By Diane Carman
Dr. Muthanna Jabbar was approached by some men outside his home in Iraq on the day his life changed forever.
“They pulled me over and said, ‘Are you Muthanna? Quit working with the Americans or we’re going to kill you.’”
Jabbar turned and walked toward his home a few yards away. “I was almost closing my eyes, anticipating a bullet or something in my head,” he said. “When I reached my kitchen, I thought, ‘It’s a miracle. Nothing happened. They left.’”
It was just the first of many miraculous circumstances that led him to Fort Collins, Colorado Welcome Back and his first steps on the rugged path toward a license to practice medicine in the United States.
Jabbar, 34, graduated from the Al-Mustansiriya University College of Medicine in Baghdad in 2002, specializing in general practice and surgery. His experience in the nearly six years he worked in Iraq was primarily in the emergency room — trauma medicine. In Iraq, he said, “We have a lot of issues. It’s a busy, busy field.”
His last job was as medical director of the police academy medical department near the Al Taqaddum Air Base where his patients included both Iraqis and Americans. It was his care of Americans that put his life in danger.
After he was threatened, Jabbar quit his job and left home immediately. He lived with his sister for four months while he assembled the necessary documents to leave Iraq.
On Aug. 26, 2008, he boarded a bus for Turkey. Forty-eight hours later, in the early hours before sunrise, he arrived in Istanbul. He got off the bus and sat, alone and bewildered, on a grassy spot near the transit center. He stayed there with his luggage beside him for 2 ½ hours trying to get his bearings.
Finally, he asked a taxi driver for help. The driver took Jabbar to a hotel to sleep. From there he found his way to the office of the United Nations High Commissioner for Refugees and the halting first steps toward a new life.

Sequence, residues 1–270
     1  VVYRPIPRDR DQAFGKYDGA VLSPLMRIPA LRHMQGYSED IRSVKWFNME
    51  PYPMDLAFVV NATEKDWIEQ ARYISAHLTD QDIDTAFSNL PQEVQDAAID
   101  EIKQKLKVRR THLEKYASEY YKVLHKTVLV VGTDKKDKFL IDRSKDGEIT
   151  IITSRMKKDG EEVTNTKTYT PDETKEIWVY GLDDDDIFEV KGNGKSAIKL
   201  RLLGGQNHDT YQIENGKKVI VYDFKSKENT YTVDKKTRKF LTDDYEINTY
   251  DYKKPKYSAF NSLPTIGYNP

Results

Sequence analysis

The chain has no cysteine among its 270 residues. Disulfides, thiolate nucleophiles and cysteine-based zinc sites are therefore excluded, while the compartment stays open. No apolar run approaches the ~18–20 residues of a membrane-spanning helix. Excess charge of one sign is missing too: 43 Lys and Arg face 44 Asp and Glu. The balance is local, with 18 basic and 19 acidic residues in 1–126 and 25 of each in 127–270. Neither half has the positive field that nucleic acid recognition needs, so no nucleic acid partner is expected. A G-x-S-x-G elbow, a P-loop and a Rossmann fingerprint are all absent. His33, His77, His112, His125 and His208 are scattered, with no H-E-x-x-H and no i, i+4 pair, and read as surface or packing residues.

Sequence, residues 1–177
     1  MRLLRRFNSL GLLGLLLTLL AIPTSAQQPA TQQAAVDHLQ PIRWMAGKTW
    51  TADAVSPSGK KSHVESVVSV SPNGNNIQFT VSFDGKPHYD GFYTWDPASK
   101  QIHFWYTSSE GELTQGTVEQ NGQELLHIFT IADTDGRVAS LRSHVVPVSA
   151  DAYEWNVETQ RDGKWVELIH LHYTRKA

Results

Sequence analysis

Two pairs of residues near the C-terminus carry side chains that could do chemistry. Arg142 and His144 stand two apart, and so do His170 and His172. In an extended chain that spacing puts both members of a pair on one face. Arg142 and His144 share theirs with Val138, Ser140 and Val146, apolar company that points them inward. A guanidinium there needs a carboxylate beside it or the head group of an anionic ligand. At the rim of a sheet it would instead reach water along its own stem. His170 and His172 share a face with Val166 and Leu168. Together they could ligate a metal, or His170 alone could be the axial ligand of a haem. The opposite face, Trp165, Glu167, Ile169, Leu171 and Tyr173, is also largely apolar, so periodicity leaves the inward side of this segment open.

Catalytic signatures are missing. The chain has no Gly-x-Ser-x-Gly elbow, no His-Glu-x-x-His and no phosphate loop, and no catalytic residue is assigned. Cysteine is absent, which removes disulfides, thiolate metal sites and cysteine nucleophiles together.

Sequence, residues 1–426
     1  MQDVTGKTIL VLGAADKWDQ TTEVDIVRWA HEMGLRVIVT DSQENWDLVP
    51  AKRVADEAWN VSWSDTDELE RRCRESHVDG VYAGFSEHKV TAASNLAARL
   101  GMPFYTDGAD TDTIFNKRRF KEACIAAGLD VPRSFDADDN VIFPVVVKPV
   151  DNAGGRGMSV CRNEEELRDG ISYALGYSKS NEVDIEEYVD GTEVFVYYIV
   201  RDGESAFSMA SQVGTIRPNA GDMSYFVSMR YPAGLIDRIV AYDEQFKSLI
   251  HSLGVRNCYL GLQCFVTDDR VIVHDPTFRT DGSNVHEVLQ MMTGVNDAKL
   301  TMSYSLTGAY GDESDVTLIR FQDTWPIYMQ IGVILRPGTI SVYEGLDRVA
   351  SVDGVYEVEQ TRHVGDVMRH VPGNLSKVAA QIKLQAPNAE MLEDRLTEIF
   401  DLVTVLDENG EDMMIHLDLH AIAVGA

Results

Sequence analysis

Of all places in the United States to land, Jabbar chose Fort Collins because one of his brothers had lived there for five weeks while he participated in a youth leadership exchange program in 2009. His mentor was Julie Sullivan, an instructor in ethnic studies at Colorado State University. When she heard that Jabbar was seeking asylum, she offered to help him get settled.
“Julie is a wonderful person,” Jabbar said. “She picked me up at the airport and introduced me to the Fort Collins area.”
Jabbar lived with Sullivan for a month in early 2010 as he sought work and a place of his own. She introduced him to hiking and biking, and helped him make an array of valuable professional contacts.
His sister and brother-in-law and their two children recently moved to Fort Collins. They were practicing physicians in Iraq and hope to navigate the licensure process as well.
Jabbar’s parents and two brothers remain in Iraq and, in the interest of their safety, he declined to have his photo taken.
Now he works part time at Lutheran Family Services, which has a resettlement agency in Greeley, and he is doing research on the impacts of pain medications on the cardiovascular systems of patients at St. Luke’s Medical Clinic. He also is studying for the medical licensing examinations, hoping that good grades will help him land a coveted medical residency.
The process for licensure is “like a long channel that’s a little bit kinky, but there is light at the end,” he said. “I’m optimistic. I’m a go-getter and I don’t give up easily. These challenges will make me a better person, a stronger person.”
Jabbar said he believes he can get good scores on the medical exams. “This is doable. It’s a matter of studying very, very hard.”
The more difficult part is landing a residency. “That is a competition, and by the end of medical school, U.S. students have had internships or some kind of U.S. experience.
“If I’m lucky, I’ll get a residency in Colorado, but I’m ready to go to Alaska – anywhere – for my residency,” said Jabbar. “I don’t mind.”
Then, when he completes the process and has his license to practice, he’d like to come back to Fort Collins. His dream job: “working in a hospital, mainly in the ER.
“I’m alive and happy,” he said, “but real life for me is to be a doctor again. It’s how I get my fuel.
“I see a patient in the ER and see the change on his face, in his expression, when the pain is gone. I can’t imagine my life without it.”